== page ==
Viewpoint: What to Do about Bullying and Fighting: Not My Kid

My dog and I regularly walk by Palisades Garden Café on our loop through town. My pooch particularly likes to go by the picnic tables on the sidewalk (along La Cruz), in hopes of securing an errant French fry on the ground.

After school, the place is packed with kids, grade school through high school. I love the enthusiasm and youthful energy they radiate. Owner James Kwan has a good business model with reasonably priced food that ranges from super healthy salads and fruits to doughnuts and pastries.

Last month, as the dog and I walked by, one kid brushed another kid on the head in an aggressive move. The second kid backed up. The boy followed him and shoved him. The kid was picking a fight.

What’s the proper response?

I didn’t have to think about it that day; I had already figured that out when my three kids, who are now adults, were toddlers.

I had put them to bed and took the opportunity, with my husband at home, to run to Ralphs to go grocery shopping.

Unencumbered, I swooped down aisles and in the cleaning section I came across two boys—probably 12 or 13. Odd, why would boys be in the cleaning aisle?

I slowed down and one of them was holding up a room spray and explaining to the other you could get a high by inhaling it. The other was making a choice between two different scents.

What to do? Do I say something to the kids? Do I tell the clerk? Do I let it go? Is it my business? I didn’t know.

When I went to check out, the man in front of me was stacking groceries on the belt and the two boys came up and put the aerosol with his stuff.

I asked myself, “If I were the parent, would I want to know what these boys are going to do?”

The answer was yes.

I pulled the man aside and told him what I had heard.

Once you understand that adults are here, not to be friends to kids, but to help raise them, the proper response is easy.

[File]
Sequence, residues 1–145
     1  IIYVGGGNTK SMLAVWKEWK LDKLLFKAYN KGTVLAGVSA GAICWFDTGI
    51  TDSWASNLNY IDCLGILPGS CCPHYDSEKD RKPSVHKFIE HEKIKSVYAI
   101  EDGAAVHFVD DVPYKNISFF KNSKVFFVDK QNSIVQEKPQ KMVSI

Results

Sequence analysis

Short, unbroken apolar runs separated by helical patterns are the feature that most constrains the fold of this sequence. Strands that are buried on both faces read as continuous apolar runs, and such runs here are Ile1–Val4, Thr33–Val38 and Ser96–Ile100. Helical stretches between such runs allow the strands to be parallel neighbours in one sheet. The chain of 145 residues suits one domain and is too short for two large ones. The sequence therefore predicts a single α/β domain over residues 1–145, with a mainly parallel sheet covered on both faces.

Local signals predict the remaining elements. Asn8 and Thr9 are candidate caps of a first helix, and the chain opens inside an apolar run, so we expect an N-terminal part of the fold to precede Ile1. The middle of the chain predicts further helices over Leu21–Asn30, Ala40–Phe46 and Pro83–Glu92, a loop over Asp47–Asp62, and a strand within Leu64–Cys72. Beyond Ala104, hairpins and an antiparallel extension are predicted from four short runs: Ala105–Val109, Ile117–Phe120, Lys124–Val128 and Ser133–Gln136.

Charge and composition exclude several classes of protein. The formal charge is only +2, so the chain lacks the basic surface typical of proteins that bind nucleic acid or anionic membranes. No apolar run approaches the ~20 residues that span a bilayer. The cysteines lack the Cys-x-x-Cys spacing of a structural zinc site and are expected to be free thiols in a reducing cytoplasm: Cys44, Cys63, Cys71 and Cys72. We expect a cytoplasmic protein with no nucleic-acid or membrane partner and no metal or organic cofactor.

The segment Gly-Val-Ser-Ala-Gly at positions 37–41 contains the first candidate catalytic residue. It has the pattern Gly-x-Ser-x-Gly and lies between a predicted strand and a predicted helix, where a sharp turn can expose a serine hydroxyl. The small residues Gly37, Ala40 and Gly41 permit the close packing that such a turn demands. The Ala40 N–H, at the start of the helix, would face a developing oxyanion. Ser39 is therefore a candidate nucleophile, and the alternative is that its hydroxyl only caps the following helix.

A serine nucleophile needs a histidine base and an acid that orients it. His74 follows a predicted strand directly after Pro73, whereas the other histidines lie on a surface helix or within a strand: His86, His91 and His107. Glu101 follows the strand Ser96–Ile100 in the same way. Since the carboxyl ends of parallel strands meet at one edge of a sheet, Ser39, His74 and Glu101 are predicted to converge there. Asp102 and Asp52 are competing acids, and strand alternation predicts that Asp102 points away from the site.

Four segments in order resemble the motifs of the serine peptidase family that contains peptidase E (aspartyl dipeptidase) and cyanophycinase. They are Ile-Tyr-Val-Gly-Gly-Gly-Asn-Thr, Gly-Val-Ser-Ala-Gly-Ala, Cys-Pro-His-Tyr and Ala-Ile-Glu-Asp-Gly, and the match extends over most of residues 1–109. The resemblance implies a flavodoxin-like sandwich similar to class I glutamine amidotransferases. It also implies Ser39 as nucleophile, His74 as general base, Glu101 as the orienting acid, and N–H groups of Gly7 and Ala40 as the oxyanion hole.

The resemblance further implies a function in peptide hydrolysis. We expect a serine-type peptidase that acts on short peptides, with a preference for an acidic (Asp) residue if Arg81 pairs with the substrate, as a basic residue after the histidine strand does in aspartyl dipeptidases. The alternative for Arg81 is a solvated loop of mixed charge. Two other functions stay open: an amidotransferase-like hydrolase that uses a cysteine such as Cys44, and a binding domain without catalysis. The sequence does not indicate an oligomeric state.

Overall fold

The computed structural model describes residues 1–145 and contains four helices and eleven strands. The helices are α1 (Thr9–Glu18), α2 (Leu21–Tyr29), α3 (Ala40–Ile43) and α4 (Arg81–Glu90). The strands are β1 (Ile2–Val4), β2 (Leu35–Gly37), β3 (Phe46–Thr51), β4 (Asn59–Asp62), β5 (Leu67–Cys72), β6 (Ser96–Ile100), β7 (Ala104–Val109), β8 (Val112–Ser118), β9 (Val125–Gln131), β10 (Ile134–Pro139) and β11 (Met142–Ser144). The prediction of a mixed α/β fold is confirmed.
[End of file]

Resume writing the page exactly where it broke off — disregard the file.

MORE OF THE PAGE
When I saw the kid picking the fight near the café there was no hesitation, I shouted, “Stop it,” and walked between them. The aggressor looked at me and then moved off.

When I see a “pack” of kids, I always think of the novel by William Golding, “Lord of the Flies,” in which prepubescent males are stranded on an island and the bullying becomes awful for the kid named Piggy. The theme of the novel is the conflict between civilization and man’s savagery.

So, I wasn’t surprised when I saw the posting on Nextdoor that described a mom’s anguish of her 12-year-old son being bullied on La Cruz. When her son refused to hand over his money, the bully came back with other kids to try to take it. The kid contacted a guard nearby.

I can tell the mom, from my experience with my son being bullied, it won’t end with this episode.

She asked, “Why is this happening in the Palisades?” and then concluded: “The intent of this post is not to bash a beloved local small business, our community, or my fellow parents. Rather, it is a mother’s passionate plea. Sometimes, ‘kids will be kids’ is not good enough. We can do better.”